Speaking of Evolving Approaches to Counterterrorism II
Further to the topic of how the U.S. can/should combat terrorism without, as President Obama puts it, “keeping America on a perpetual wartime footing,” Marty Lederman and Mary DeRosa have a post up at Just Security highlighting the recent U.S. operations in Somalia and Libya as examples of what that future might look like. Among its features, a preference for capture, interrogation and criminal trial in U.S. federal courts over more lethal forms of targeting. (This has indeed been the Administration’s position on how it approaches counterterrorism operations overseas for the past several years.)
Jack Goldsmith is skeptical about how much of a model captures like Al-Libi’s can be; he argues, among other things: “Capture operations in foreign countries will only be attempted when the foreign government consents (or its non-consent will not be a large political problem), and the target is high-value, and the threat of troop and civilian casualties is quite low. They will be attempted, in other words, very rarely, and thus the Article III criminal process for foreign terrorists will be used very rarely.”
On this point, I have to disagree with Jack. It was only a few months ago we were talking about, for example, the foreign capture and federal criminal prosecution of Sulayman Abu Ghaith, Osama bin Laden’s son-in-law. Then there was Ibrahim Suleiman Adnan Adam Harun, an al Qaeda operative captured in Italy and extradited to the United States last year. And Somali Ahmed Warsame the year before that. These cases were probably most unusual in that they drew any press attention at all. According to the Department of Justice, the United States has prosecuted hundreds of cases related to international terrorism since 9/11 — including 67 cases involving defendants captured abroad.
To the extent this approach can be carried out transparently and consistent with U.S. and international law – and it is certainly possible to do so – it is plainly superior to lethal targeting, indefinite (non-criminal) detention or military commission prosecution in terms of its tactical and strategic advantages for counterterrorism (retaining the ability to gather intelligence while incurring fewer costs in local public opinion) and in its ability to safeguard individual rights.
That said, the al-Libi case and others like it are not without concern. Set aside for the moment the very important questions of foreign nation consent to the conduct of such operations. (Where we undertake it without state consent, serious questions arise about compliance with international law. Since the 1990’s, part of the U.S. response to those questions has been to simply excuse the FBI from having to comply with customary international law in its snatch and grab operations overseas. Hardly an ideal solution.) Al-Libi is currently being detained, it appears, pursuant to the same statutory AUMF authority that has supported the Guantanamo detentions and many others post-2001. But most of those detainees – indeed, most “wartime” captures – are conducted without necessary contemplation of criminal prosecution. More to the point, they are conducted without the certainty of a pending criminal indictment. How long, as a matter of U.S. law, may he be held under these circumstances before being presented to a federal court? Criminal courts have been generous in tolerating substantial presentment delays – permitting lengthy interrogation without the presence of lawyers – in AUMF detention cases before the suspect is advised of his rights and questioning for purposes of gathering evidence that may be admissible in criminal trial is begun again. But the law here is not exactly crystal clear. As long as the AUMF remains on the books, the possibility of such detention remains. How long should uncounseled interrogation continue? Even assuming detainee treatment in such detention is ideal, what principles cabin its duration?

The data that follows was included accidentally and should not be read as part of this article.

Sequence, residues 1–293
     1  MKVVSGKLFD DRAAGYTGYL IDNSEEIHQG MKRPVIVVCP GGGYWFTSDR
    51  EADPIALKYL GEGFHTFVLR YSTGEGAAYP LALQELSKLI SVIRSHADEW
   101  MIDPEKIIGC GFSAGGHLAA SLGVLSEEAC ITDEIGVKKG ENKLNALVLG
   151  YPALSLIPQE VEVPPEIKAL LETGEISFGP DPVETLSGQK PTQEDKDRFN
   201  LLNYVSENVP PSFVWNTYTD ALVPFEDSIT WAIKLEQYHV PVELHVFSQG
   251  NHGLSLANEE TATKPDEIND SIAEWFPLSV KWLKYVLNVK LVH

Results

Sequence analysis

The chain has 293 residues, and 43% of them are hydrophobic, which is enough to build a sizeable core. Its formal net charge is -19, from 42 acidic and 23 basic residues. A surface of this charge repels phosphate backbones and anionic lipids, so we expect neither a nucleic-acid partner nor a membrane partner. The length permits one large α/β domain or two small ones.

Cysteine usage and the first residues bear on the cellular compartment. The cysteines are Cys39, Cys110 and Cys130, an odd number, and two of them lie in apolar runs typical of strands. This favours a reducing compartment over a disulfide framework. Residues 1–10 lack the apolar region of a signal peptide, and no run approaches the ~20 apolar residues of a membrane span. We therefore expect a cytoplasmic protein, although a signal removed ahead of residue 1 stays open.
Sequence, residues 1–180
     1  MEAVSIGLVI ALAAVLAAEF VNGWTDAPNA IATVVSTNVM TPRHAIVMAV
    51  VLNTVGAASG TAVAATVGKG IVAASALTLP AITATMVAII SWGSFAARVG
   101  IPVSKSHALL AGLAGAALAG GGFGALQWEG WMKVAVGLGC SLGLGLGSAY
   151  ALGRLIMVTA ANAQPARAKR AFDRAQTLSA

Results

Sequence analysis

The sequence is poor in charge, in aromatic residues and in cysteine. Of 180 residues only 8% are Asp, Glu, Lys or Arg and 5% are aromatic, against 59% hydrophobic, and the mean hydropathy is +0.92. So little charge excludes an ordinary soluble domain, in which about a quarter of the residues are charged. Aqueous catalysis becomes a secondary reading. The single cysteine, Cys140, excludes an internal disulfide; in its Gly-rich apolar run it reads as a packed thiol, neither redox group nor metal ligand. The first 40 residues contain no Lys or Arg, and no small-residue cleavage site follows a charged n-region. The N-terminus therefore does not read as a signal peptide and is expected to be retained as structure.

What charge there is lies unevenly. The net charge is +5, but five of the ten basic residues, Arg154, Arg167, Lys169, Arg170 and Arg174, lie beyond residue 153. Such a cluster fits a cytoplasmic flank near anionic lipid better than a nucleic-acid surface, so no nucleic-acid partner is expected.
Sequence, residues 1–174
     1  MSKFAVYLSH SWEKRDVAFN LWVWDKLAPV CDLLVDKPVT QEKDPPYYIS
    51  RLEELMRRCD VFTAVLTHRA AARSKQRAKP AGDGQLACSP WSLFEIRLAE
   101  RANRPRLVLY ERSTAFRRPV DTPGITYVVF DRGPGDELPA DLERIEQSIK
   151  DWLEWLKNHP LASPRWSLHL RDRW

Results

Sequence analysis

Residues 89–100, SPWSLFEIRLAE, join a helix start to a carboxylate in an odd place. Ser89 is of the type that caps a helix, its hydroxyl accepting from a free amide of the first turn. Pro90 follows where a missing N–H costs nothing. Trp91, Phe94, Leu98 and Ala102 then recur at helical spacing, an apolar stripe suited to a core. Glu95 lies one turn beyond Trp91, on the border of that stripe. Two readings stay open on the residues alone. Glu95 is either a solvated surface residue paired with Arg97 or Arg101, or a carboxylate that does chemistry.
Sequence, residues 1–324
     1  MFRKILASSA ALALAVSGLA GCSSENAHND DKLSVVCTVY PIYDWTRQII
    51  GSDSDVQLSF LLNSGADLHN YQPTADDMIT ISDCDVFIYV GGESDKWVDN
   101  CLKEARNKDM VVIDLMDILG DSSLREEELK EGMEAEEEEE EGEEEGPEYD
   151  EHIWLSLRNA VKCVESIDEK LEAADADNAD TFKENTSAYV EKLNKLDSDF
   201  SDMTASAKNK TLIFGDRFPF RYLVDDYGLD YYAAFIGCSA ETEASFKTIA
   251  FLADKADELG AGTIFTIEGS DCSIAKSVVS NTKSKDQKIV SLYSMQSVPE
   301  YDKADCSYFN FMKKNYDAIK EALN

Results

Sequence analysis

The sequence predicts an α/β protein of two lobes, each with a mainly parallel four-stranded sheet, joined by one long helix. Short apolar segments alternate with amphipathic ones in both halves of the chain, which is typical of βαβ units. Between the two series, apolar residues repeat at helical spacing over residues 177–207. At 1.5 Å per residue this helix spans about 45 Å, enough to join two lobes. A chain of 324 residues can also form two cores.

Then there’s the shelf-life of the AUMF itself. With apologies as ever for shameless self-promotion, I’ve just posted a piece on SSRN arguing that the AUMF must be construed according to IHL, that IHL under these (admittedly by-analogy) circumstances should be understood to permit detention only for “the duration of hostilities,” and that the “hostilities” authorized by that statute may soon be understood – as a matter of law application to facts – as at an end. Existence-of-war conditions are justiciable, I argue. They already matter – and are being litigated – with respect to the beginning of the conflict for purposes of charging defendants with war crimes in the military commissions. They will soon start to matter more when it comes to the important AUMF.